I'm grateful for the section of the training that discussed how white culture is essentially "freedom," this entitlement to do whatever one wants to do. I'm also grateful that it was pointed out that the reason the response to the COVID-19 threat has been so visceral for Americans, especially white Americans, is that essentially many people are just not used to being told what to do. I've watched as governors of certain states refused to institute shelter-in-place orders because they don't want to infringe on people's "constitutional rights." So they'd rather let their constituents risk illness and death? As someone who lived in Southeast Asia during the SARS epidemic, people living there had the sense to recognize that one cannot enjoy anything -- let alone freedom -- if sick and eventually dead. In Asian culture, it's an act of looking out for oneself and for others to wear a mask. I don't know if that was ever viewed as an "infringement on human rights."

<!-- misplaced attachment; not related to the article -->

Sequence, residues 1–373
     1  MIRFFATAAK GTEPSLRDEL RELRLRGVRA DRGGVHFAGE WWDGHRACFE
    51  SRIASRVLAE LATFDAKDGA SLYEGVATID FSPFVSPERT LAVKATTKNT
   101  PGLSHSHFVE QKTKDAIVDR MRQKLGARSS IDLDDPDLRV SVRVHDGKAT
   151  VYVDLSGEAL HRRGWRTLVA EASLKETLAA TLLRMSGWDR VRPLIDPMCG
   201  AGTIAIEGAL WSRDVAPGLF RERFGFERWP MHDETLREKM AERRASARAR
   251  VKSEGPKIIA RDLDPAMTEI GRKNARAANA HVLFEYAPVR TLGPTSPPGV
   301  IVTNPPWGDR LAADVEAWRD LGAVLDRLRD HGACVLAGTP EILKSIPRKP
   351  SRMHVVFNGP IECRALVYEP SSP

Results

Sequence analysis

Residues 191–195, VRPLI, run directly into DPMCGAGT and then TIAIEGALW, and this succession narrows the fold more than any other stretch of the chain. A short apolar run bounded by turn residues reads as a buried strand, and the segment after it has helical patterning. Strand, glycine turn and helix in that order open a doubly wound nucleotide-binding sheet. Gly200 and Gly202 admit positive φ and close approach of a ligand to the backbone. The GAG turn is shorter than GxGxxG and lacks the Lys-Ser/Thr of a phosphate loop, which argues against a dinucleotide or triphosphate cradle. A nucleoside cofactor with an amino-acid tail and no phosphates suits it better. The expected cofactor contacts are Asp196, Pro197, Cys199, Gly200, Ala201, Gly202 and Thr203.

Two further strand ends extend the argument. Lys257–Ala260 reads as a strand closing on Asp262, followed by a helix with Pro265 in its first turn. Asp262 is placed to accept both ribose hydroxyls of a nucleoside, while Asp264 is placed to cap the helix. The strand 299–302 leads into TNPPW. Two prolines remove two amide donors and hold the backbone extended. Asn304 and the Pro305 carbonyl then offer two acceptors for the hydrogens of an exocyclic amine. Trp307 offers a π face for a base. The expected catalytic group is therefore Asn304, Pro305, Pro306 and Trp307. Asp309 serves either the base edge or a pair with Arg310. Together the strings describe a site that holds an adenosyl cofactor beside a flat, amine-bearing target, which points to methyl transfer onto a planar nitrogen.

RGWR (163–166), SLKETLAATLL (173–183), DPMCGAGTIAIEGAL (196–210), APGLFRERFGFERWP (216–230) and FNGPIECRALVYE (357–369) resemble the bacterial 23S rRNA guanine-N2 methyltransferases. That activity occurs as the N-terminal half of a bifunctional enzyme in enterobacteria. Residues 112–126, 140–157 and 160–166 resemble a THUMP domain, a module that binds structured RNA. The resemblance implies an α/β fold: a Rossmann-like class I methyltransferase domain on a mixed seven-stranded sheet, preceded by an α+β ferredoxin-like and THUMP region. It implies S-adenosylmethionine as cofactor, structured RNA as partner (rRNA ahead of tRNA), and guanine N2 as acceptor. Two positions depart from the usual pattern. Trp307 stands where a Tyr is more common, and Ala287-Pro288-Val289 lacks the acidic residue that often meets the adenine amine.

I think what baffles me most about white culture comes from a quote by Laila Lalami in her article titled "The Identity Politics of Whiteness" (which was referenced in the last TEDTalk of this module): "'White' is seen as the default, the absence of race... 'White' is a category that has afforded them an evasion from race, rather than an opportunity to confront it." Other than country music, I do wonder what else sets apart white folks culturally. Is this why so many white folks in America are bound and determined to hang on to vestiges of the Confederacy, as horrific as slavery was? Is this why some white folks in America tend to identify with Alt-Right groups? Because they don't have a mooring culturally? I don't mean to be disrespectful in my asking. I am truly curious.